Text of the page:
Pharmacologic Treatment of Osteoporosis in Postmenopausal Women Clinical Practice Guidelines (2019)

Endocrine Society

This is a quick summary of the guidelines without analysis or commentary. For more information, go directly to the guidelines by clicking the link in the reference.

May 07, 2019

Guidelines on the pharmacologic treatment of osteoporosis in postmenopausal women were released by the Endocrine Society on March 25, 2019.[1]

Postmenopausal women at high risk of fracture, particularly recent fracture patients, should be treated with pharmacological therapies.

Bisphosphonates (alendronate, risedronate, zoledronic acid, and ibandronate) should be used in postmenopausal women at high risk of fractures in order to reduce fracture risk. Ibandronate should not be used to reduce fracture risk in cases of nonvertebral or hip fracture.

Reassess fracture risk after 3 to 5 years in postmenopausal osteoporosis patients on bisphosphonates. Continue bisphosphonate treatment for high-risk patients. Bisphosphonate treatment should be temporary discontinued for women who have a low-to-moderate risk of fracture.

Denosumab can be used as an alternative initial treatment in high-risk postmenopausal osteoporosis patients. Reassess fracture risk after 5 to 10 years in postmenopausal osteoporosis patients on denosumab. Following reassessment, women who are still high risk should continue treatment with denosumab or other therapies.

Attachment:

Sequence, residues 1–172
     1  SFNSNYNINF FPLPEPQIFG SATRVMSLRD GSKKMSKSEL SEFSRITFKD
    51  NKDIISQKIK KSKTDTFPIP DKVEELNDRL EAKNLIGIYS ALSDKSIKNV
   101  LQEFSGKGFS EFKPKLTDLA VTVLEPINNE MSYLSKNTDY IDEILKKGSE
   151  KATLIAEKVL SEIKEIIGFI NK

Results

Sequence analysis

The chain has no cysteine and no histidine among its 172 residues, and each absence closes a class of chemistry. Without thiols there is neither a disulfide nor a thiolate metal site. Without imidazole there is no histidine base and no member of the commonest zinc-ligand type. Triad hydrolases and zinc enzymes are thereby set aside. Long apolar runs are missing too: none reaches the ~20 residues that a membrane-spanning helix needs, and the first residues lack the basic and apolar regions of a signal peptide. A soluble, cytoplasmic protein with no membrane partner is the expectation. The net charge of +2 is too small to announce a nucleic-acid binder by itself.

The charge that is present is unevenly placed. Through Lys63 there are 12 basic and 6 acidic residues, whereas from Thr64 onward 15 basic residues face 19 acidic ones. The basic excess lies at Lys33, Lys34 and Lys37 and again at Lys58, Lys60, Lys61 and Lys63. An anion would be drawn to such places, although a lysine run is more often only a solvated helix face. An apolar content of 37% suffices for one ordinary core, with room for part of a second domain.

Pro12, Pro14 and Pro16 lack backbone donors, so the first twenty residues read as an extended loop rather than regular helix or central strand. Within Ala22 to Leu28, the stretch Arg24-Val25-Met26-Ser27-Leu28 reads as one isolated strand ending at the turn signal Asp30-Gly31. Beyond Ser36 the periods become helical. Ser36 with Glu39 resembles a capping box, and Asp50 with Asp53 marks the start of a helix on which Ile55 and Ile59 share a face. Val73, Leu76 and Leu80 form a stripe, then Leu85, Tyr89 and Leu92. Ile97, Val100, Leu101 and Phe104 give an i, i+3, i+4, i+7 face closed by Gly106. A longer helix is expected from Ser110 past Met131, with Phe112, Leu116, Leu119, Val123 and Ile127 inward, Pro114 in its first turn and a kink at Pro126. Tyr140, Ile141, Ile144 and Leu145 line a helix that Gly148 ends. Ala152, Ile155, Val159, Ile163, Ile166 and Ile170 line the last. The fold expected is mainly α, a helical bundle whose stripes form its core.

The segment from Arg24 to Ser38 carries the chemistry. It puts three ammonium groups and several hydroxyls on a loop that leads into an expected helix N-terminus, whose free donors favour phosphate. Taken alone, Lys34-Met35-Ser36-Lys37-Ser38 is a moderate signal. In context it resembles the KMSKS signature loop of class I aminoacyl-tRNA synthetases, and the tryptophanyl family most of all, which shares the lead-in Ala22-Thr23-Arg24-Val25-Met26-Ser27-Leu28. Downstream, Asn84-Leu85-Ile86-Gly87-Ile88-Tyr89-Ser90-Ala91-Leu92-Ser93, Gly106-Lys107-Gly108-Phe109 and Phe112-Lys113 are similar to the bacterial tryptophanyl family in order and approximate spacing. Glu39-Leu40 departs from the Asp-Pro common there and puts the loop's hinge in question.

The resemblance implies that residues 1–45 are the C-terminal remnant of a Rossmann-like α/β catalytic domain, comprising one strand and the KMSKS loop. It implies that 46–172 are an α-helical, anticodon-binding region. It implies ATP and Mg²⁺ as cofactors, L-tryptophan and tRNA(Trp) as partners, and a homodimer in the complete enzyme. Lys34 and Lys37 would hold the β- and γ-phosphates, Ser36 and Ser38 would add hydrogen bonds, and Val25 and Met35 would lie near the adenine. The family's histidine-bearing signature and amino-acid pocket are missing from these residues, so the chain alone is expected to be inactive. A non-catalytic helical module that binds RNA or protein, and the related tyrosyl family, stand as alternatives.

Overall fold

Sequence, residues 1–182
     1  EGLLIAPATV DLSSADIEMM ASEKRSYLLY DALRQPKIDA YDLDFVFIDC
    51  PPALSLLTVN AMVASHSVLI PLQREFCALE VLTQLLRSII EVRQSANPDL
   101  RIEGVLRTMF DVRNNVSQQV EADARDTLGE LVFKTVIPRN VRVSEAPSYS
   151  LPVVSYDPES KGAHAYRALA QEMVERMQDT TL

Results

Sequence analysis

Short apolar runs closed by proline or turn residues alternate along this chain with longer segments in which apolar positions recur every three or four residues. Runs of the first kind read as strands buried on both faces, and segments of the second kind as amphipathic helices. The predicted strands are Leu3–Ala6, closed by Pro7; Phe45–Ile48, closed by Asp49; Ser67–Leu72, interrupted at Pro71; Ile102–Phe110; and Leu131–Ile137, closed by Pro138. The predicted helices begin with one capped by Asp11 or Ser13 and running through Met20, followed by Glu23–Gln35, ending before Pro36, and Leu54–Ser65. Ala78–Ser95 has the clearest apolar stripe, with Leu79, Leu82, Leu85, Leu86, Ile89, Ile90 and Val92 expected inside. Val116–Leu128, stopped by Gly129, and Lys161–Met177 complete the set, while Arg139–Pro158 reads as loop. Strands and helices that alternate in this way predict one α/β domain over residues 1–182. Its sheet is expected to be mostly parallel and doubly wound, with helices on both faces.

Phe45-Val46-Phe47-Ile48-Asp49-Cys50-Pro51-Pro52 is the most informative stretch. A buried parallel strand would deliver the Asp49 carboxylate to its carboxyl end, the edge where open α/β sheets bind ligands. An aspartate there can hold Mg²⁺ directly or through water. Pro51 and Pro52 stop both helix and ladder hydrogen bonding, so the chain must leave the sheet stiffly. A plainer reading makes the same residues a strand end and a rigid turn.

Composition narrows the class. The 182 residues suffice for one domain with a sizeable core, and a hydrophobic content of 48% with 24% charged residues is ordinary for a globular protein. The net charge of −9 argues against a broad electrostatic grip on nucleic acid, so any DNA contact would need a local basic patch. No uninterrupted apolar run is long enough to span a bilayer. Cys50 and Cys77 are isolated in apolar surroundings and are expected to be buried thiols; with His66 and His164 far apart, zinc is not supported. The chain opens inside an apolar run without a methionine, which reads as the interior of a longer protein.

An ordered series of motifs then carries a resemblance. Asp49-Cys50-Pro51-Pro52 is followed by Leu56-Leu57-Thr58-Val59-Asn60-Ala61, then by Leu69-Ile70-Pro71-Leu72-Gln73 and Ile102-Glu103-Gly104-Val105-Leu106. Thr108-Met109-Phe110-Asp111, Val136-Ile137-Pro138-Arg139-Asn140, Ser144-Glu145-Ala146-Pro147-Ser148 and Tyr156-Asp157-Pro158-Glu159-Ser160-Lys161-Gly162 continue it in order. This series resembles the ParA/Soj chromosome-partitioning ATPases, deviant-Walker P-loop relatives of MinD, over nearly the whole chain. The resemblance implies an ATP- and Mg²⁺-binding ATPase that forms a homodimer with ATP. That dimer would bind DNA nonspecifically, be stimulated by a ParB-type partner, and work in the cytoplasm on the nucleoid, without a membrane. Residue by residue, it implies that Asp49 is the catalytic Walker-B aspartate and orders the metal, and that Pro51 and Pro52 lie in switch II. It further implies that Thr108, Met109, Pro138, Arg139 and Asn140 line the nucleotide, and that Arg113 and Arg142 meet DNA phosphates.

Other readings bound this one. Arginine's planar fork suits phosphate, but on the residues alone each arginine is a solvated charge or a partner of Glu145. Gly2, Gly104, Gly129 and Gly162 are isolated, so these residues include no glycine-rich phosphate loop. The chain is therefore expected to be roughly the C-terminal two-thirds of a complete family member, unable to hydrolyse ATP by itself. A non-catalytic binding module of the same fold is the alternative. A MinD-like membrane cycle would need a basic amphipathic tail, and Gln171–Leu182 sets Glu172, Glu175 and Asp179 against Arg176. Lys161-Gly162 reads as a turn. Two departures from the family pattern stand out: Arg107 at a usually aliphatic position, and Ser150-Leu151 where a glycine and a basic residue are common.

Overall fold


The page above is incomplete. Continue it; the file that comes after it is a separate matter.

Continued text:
Teriparatide or abaloparatide treatment should be used in high-risk postmenopausal osteoporosis patients with severe or multiple vertebral fractures for up to 2 years in order to reduce fractures.

Treatment with antiresorptive osteoporosis therapies, in order to preserve bone density gains, should be used in postmenopausal patients with osteoporosis who have finished a course of teriparatide or abaloparatide.

Raloxifene or bazedoxifene should be used in order to reduce the risk of vertebral fractures in patients at low risk for deep vein thrombosis and for whom bisphosphonates or denosumab are not recommended. Raloxifene or bazedoxifene should also be used in patients who are high risk for breast cancer.

A calcium and vitamin D diet or supplementation is recommended for all women taking osteoporosis therapies with the exception of anabolics.

Bone mineral density monitoring by dual-energy X-ray absorptiometry at the spine and hip is recommended every 1 to 3 years to assess treatment response.

For more Clinical Practice Guidelines, please go to Guidelines.

For more information, go to Menopause.


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